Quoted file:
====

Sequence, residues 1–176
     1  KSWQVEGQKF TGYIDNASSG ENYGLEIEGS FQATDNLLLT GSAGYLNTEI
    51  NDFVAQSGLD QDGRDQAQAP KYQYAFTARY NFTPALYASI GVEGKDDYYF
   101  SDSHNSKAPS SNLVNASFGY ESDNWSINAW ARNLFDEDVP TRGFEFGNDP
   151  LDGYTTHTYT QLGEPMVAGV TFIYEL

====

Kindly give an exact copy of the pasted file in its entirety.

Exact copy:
Sequence, residues 1–176
     1  KSWQVEGQKF TGYIDNASSG ENYGLEIEGS FQATDNLLLT GSAGYLNTEI
    51  NDFVAQSGLD QDGRDQAQAP KYQYAFTARY NFTPALYASI GVEGKDDYYF
   101  SDSHNSKAPS SNLVNASFGY ESDNWSINAW ARNLFDEDVP TRGFEFGNDP
   151  LDGYTTHTYT QLGEPMVAGV TFIYEL